US9424809B1 - Patterned projection with multi-panel display - Google Patents

Patterned projection with multi-panel display Download PDF

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US9424809B1
US9424809B1 US13/942,467 US201313942467A US9424809B1 US 9424809 B1 US9424809 B1 US 9424809B1 US 201313942467 A US201313942467 A US 201313942467A US 9424809 B1 US9424809 B1 US 9424809B1
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display
multi
patterned
image
display system
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Mary Lou Jepsen
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X Development LLC
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    • GPHYSICS
    • G09EDUCATION; CRYPTOGRAPHY; DISPLAY; ADVERTISING; SEALS
    • G09GARRANGEMENTS OR CIRCUITS FOR CONTROL OF INDICATING DEVICES USING STATIC MEANS TO PRESENT VARIABLE INFORMATION
    • G09G5/00Control arrangements or circuits for visual indicators common to cathode-ray tube indicators and other visual indicators
    • G09G5/36Control arrangements or circuits for visual indicators common to cathode-ray tube indicators and other visual indicators characterised by the display of a graphic pattern, e.g. using an all-points-addressable [APA] memory
    • G09G5/37Details of the operation on graphic patterns
    • G09G5/377Details of the operation on graphic patterns for mixing or overlaying two or more graphic patterns
    • GPHYSICS
    • G06COMPUTING; CALCULATING; COUNTING
    • G06FELECTRIC DIGITAL DATA PROCESSING
    • G06F3/00Input arrangements for transferring data to be processed into a form capable of being handled by the computer; Output arrangements for transferring data from processing unit to output unit, e.g. interface arrangements
    • G06F3/14Digital output to display device; Cooperation and interconnection of the display device with other functional units
    • G06F3/1423Digital output to display device; Cooperation and interconnection of the display device with other functional units controlling a plurality of local displays, e.g. CRT and flat panel display
    • G06F3/1446Digital output to display device; Cooperation and interconnection of the display device with other functional units controlling a plurality of local displays, e.g. CRT and flat panel display display composed of modules, e.g. video walls
    • GPHYSICS
    • G03PHOTOGRAPHY; CINEMATOGRAPHY; ANALOGOUS TECHNIQUES USING WAVES OTHER THAN OPTICAL WAVES; ELECTROGRAPHY; HOLOGRAPHY
    • G03BAPPARATUS OR ARRANGEMENTS FOR TAKING PHOTOGRAPHS OR FOR PROJECTING OR VIEWING THEM; APPARATUS OR ARRANGEMENTS EMPLOYING ANALOGOUS TECHNIQUES USING WAVES OTHER THAN OPTICAL WAVES; ACCESSORIES THEREFOR
    • G03B21/00Projectors or projection-type viewers; Accessories therefor
    • G03B21/13Projectors for producing special effects at the edges of picture, e.g. blurring
    • GPHYSICS
    • G03PHOTOGRAPHY; CINEMATOGRAPHY; ANALOGOUS TECHNIQUES USING WAVES OTHER THAN OPTICAL WAVES; ELECTROGRAPHY; HOLOGRAPHY
    • G03BAPPARATUS OR ARRANGEMENTS FOR TAKING PHOTOGRAPHS OR FOR PROJECTING OR VIEWING THEM; APPARATUS OR ARRANGEMENTS EMPLOYING ANALOGOUS TECHNIQUES USING WAVES OTHER THAN OPTICAL WAVES; ACCESSORIES THEREFOR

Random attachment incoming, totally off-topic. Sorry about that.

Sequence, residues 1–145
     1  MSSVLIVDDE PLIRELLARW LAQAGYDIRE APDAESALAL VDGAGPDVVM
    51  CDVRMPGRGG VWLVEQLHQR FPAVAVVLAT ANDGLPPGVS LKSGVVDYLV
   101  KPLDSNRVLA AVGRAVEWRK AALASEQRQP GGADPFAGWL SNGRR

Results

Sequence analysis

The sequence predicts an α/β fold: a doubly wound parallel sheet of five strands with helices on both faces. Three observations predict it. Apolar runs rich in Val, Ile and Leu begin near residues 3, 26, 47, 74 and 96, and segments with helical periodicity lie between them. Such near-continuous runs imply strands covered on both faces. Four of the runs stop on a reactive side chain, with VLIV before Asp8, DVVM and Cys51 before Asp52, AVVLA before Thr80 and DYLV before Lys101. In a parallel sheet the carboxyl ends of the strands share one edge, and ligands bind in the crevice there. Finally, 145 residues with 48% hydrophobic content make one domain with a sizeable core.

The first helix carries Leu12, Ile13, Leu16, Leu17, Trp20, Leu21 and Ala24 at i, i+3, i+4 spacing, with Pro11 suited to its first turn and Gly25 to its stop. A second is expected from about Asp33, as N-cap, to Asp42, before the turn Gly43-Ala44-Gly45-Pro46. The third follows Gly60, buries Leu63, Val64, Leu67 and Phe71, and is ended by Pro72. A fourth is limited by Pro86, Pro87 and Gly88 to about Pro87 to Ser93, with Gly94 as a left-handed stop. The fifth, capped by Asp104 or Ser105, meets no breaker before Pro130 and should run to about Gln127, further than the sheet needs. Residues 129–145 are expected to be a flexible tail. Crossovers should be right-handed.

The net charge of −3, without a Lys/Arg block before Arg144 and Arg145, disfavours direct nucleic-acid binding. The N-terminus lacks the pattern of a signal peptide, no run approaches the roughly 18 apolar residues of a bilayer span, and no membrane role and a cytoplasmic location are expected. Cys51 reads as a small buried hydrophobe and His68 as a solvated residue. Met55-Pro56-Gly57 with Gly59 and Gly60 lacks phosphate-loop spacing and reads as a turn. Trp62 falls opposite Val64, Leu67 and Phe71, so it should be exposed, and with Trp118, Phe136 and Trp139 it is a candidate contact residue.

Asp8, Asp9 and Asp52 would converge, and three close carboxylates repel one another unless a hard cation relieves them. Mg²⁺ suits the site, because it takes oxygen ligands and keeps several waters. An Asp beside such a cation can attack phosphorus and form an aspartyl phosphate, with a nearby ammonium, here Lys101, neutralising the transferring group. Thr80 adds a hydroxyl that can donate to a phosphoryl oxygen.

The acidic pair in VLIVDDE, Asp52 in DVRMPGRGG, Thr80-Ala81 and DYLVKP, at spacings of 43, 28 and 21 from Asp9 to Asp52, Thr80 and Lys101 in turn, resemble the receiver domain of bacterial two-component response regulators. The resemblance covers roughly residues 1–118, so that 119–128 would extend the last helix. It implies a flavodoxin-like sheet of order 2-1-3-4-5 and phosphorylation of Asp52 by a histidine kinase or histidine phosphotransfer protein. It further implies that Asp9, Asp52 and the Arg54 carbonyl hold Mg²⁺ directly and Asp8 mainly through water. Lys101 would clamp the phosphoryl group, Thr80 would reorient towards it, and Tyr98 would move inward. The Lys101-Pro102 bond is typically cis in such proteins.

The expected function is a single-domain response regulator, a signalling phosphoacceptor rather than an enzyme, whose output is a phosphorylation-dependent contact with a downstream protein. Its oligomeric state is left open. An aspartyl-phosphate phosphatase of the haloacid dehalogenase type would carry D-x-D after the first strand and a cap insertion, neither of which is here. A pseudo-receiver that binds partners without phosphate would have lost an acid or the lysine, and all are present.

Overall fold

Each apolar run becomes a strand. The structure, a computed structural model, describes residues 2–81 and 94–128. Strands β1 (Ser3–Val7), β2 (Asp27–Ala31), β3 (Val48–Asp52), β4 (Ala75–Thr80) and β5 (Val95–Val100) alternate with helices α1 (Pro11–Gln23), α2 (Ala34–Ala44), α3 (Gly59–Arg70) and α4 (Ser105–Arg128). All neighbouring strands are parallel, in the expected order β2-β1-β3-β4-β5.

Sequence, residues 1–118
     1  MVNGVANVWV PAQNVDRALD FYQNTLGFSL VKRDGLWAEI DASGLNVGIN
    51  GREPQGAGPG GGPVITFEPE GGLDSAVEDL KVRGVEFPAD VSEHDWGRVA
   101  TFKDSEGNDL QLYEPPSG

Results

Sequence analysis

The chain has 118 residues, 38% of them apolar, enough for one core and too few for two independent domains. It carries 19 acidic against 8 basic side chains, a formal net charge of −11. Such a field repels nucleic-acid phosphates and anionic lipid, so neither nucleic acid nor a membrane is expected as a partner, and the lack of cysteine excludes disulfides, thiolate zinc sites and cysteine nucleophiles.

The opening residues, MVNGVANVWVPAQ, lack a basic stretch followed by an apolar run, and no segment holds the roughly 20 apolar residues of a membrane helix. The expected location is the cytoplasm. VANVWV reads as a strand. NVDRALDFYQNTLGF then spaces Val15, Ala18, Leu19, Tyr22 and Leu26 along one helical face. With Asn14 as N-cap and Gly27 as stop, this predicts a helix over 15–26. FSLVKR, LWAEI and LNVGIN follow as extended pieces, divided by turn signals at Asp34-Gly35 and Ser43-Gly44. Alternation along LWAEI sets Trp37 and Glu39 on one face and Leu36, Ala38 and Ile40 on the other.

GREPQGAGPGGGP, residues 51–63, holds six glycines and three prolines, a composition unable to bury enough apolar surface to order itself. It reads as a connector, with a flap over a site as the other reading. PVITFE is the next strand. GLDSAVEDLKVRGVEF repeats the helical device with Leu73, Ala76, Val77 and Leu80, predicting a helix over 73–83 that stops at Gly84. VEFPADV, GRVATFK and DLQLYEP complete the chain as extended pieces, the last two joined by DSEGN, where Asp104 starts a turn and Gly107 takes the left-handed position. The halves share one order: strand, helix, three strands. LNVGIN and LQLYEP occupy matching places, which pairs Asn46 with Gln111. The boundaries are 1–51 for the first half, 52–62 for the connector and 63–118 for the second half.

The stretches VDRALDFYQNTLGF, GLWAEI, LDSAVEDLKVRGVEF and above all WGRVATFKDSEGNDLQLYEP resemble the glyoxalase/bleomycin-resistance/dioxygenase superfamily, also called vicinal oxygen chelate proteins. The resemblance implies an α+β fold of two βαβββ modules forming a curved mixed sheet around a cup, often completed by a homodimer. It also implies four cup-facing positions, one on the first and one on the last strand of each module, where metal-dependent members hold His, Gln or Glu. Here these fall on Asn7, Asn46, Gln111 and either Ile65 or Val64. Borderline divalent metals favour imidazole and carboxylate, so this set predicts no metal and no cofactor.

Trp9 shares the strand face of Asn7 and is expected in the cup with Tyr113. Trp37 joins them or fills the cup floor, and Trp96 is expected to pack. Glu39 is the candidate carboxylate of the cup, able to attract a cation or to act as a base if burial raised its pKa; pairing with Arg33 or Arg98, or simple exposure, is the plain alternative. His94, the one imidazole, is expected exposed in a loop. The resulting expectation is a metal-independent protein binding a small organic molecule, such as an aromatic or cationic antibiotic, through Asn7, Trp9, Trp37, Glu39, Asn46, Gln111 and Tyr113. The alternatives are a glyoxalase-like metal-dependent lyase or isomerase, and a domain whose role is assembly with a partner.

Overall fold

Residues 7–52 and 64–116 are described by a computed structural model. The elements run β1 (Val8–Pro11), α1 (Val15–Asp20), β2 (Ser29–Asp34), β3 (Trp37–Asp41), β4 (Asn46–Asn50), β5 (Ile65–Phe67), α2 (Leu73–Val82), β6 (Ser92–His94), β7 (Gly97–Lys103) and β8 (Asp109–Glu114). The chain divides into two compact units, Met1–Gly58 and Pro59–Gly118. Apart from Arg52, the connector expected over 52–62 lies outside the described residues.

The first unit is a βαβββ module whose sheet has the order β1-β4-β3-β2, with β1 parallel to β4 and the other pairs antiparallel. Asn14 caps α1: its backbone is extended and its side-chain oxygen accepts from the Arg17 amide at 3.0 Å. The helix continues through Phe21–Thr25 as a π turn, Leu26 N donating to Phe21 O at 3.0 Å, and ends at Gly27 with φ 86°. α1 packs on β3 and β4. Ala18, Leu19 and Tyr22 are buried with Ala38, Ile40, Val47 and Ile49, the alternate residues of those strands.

• G03B21/00Projectors or projection-type viewers; Accessories therefor
    • G03B21/54Accessories
    • G03B21/56Projection screens
    • HELECTRICITY
    • H04ELECTRIC COMMUNICATION TECHNIQUE
    • H04NPICTORIAL COMMUNICATION, e.g. TELEVISION
    • H04N9/00Details of colour television systems
    • H04N9/12Picture reproducers
    • H04N9/31Projection devices for colour picture display, e.g. using electronic spatial light modulators [ESLM]
    • H04N9/3179Video signal processing therefor
    • H04N9/3182Colour adjustment, e.g. white balance, shading or gamut
    • HELECTRICITY
    • H04ELECTRIC COMMUNICATION TECHNIQUE
    • H04NPICTORIAL COMMUNICATION, e.g. TELEVISION
    • H04N9/00Details of colour television systems
    • H04N9/12Picture reproducers
    • H04N9/31Projection devices for colour picture display, e.g. using electronic spatial light modulators [ESLM]
    • H04N9/3191Testing thereof
    • H04N9/3194Testing thereof including sensor feedback
    • GPHYSICS
    • G06COMPUTING; CALCULATING; COUNTING
    • G06FELECTRIC DIGITAL DATA PROCESSING
    • G06F1/00Details not covered by groups G06F3/00 – G06F13/00 and G06F21/00
    • G06F1/16Constructional details or arrangements
    • G06F1/1601Constructional details related to the housing of computer displays, e.g. of CRT monitors, of flat displays
    • GPHYSICS
    • G09EDUCATION; CRYPTOGRAPHY; DISPLAY; ADVERTISING; SEALS
    • G09GARRANGEMENTS OR CIRCUITS FOR CONTROL OF INDICATING DEVICES USING STATIC MEANS TO PRESENT VARIABLE INFORMATION
    • G09G2360/00Aspects of the architecture of display systems
    • G09G2360/14Detecting light within display terminals, e.g. using a single or a plurality of photosensors
    • G09G2360/145Detecting light within display terminals, e.g. using a single or a plurality of photosensors the light originating from the display screen
    • G09G2360/147Detecting light within display terminals, e.g. using a single or a plurality of photosensors the light originating from the display screen the originated light output being determined for each pixel

Abstract

A system for displaying a unified image on a multi-panel display includes a projector and a display engine. The projector is configured to project a patterned projection on a bezel region between an array of display panels arranged to be viewed as a multi-panel display. The display engine is coupled to drive the multi-panel display to display image sections. The patterned projection and the image sections combine to form a unified image.

Description

TECHNICAL FIELD

This disclosure relates generally to large format displays, and in particular but not exclusively, relates to multi-panel displays.

BACKGROUND INFORMATION

Large displays can be prohibitively expensive as the cost to manufacture display panels rises exponentially with display area. This exponential rise in cost arises from the increased complexity of large monolithic displays, the decrease in yields associated with large displays (a greater number of components must be defect free for large displays), and increased shipping, delivery, and setup costs. Tiling smaller display panels to form larger multi-panel displays can help reduce many of the costs associated with large monolithic displays.